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When a company is started, unless there is ample financing, often the owner will find himself or herself all alone for a while until sales start picking up and cash flow can support hiring help. My friend Aaron Houghton once told me, “As a start-up CEO you are the Chief Executive Officer, Chief Executive Painter, and Chief Executive Janitor.” Now, clearly this is not the case if you are backed by venture capital or have enough funds to bankroll a staff. However, many people simply do not have much capital they can invest, do not have access to venture capitalists, or simply wish to avoid going into debt or selling off part of their company. Office space for these people, at least at first, often consists of dorm rooms, garages, or third bedrooms.

So how does one get past this start-up phase? What are some ways to start building cash flow? And at what point does one invest in things like office space, intellectual property protection, accounting software, inventory, or employees?

Well, in August 2001, I met with a man who had founded a number of companies, and was working on his next. For confidentiality reasons, I’ll call this man simply Mr. R. When I came aboard, everything had been put in place and the groundwork had been done. Mr. R had a product and had spent the past year laying the foundation for the company that would sell that product. Only a few hundred dollars in sales had been made to that point, but things were ready to take off.

I worked with Mr. R until August 2002. At that point it was clear to see that he had done his groundwork well. By that time, the company had made over $800,000 in sales on that one product, with a 51% profit margin, and no outside financing or venture capital. This was a bootstrapped company from start to finish, and man did it succeed. So what tips would Mr. R give to someone without too much capital going through that initial start-up phase? Well, I had the chance to ask Mr. R just this. Here’s what he said.

First of all, if you are on a tight budget, be ever mindful that the last thing you need is overhead. Don’t put the cart before the horse. Find a product. There are products out there. Look through the classifieds. There are people out there who have wonderful products but do not know how to market them. Contact these individuals and make them an offer. Give them a small piece of the action and buy the product out from them or license it. If you do not have money, find investors. Just make sure you retain control of the company. There are books available that can show you how to draft sample agreements like this.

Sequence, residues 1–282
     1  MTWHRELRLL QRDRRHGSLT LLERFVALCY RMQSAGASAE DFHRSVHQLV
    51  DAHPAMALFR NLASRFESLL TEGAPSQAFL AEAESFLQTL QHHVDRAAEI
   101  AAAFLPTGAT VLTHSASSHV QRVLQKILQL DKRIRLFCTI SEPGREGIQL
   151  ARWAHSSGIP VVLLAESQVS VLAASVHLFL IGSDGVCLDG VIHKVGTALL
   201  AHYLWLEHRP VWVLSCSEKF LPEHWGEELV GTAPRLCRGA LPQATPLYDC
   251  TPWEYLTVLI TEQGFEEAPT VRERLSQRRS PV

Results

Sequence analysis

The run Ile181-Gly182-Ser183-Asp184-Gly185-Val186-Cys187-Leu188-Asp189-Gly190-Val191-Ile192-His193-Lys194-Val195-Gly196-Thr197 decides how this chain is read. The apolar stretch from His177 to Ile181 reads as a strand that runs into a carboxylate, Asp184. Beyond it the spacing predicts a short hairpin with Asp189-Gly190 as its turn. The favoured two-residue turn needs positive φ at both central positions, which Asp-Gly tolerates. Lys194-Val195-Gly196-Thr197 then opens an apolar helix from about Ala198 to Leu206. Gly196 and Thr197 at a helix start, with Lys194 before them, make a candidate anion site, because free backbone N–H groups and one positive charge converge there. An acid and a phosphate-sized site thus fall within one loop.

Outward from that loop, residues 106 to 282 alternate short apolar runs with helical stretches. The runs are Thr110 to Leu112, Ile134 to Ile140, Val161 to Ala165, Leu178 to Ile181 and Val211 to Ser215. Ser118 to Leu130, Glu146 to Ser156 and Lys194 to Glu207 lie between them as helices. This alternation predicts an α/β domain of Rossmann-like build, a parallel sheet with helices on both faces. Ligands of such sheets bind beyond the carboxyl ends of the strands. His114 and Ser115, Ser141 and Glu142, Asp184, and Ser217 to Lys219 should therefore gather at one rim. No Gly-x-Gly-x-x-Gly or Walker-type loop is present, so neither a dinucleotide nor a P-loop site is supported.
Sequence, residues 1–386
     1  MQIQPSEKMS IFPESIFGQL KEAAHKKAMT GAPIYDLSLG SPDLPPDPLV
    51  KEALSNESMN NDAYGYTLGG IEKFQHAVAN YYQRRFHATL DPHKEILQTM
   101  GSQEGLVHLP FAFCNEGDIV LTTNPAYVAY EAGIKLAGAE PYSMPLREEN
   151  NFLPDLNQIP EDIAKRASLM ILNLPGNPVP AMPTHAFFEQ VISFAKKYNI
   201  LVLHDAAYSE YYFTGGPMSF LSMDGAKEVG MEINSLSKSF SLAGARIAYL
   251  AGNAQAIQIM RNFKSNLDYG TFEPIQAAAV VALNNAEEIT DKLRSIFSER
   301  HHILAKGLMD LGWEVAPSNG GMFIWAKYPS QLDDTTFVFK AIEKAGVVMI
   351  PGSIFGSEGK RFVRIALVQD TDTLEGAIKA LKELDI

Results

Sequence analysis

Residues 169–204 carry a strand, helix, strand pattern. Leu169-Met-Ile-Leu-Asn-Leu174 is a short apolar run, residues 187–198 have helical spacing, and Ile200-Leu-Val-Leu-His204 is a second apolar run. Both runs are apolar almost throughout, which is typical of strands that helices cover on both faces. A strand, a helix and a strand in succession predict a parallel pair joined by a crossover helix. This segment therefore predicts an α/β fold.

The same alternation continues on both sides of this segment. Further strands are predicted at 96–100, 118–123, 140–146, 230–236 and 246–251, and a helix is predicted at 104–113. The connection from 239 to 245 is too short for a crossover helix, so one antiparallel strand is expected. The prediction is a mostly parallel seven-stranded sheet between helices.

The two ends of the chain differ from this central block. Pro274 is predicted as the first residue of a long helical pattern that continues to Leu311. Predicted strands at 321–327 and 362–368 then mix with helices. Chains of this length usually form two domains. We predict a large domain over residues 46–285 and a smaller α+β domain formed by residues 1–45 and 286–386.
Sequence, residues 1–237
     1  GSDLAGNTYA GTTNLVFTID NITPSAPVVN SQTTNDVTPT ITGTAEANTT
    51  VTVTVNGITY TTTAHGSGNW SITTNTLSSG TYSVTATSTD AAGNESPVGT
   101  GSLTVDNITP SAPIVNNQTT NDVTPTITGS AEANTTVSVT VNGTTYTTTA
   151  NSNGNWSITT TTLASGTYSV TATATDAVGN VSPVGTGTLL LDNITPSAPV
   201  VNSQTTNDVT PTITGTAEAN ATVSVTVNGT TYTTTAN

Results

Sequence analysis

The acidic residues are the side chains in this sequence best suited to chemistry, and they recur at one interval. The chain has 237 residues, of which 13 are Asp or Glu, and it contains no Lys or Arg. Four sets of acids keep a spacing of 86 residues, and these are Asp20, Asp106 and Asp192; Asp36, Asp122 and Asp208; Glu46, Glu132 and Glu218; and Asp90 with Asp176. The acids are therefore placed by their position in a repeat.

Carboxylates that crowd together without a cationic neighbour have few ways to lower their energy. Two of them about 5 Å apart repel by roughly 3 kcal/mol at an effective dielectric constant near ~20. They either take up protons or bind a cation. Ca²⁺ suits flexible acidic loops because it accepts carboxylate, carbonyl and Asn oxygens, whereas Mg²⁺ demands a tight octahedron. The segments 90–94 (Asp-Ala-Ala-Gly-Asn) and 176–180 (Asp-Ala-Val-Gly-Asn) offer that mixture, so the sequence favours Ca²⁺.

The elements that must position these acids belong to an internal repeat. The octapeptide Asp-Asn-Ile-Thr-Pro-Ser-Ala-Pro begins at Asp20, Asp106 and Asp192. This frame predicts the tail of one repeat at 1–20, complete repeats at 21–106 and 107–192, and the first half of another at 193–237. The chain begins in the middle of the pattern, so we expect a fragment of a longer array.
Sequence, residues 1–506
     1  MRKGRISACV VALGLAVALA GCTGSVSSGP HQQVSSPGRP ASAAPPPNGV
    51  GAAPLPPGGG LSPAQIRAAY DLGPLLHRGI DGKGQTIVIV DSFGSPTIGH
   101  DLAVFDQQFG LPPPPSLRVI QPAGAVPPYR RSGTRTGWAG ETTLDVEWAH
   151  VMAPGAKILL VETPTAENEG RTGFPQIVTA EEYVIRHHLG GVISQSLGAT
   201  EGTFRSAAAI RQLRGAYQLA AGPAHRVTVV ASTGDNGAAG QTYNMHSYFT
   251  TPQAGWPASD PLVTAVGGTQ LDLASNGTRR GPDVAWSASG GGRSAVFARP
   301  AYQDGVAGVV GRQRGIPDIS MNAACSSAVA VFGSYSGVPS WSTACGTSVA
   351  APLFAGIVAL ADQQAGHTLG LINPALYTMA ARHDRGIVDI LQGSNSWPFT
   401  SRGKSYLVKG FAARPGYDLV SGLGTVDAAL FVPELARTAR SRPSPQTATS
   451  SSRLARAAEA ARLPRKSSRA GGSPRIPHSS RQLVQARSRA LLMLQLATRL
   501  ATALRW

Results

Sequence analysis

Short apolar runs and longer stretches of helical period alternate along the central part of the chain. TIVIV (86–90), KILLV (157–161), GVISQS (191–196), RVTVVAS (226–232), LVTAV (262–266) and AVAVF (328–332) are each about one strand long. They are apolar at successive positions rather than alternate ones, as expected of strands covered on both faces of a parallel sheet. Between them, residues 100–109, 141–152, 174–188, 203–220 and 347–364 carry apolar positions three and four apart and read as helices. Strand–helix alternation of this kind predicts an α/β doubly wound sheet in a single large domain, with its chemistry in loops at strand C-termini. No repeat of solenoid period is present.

The small entrepreneur simply needs to learn that much can happen in their own garage. You can take a product, spend a minimal amount of money to get a label on it and packaging and take it out door to door to small shops. Go to these shops and tell them you’d like to put the product in on consignment basis. Here you may run into trouble with stores asking for credit, but do what you can and extend credit if you are able to get some initial cash flow.

Then take your product and sell it to your friends. If your product is as good as you say it is those same friends are going to be telling their friends. You can build off a simple little platform like this.

Then build your web site, get an affiliate program going, and go from there. The key is finding a superior product that can be manufactured at a very low cost. The typical successful television product needs a seven times markup, 700%. Educate yourself about markups and costs.

Packaging is essential. Spend more on your packaging and written materials. If you cannot write, go find a copywriter that can. Get out and talk to people and get feedback on your product as often as you can.

If you have a superior product, you’ll win the battle. If you do not, odds are you are going to lose.

Learn to do what you can yourself. Don’t walk into a lawyer’s office and spend $2500 needlessly. Find an incorporation mill that can do it for $250. Learn how to write copy, that’s really essential.

If you make a mistake, be sure to learn from that mistake. If you fail, be sure you learn from the failure. I’ve not known a successful entrepreneur that didn’t have four or five failures. I might be a notable exception. I’ve only failed two or three times [laugh].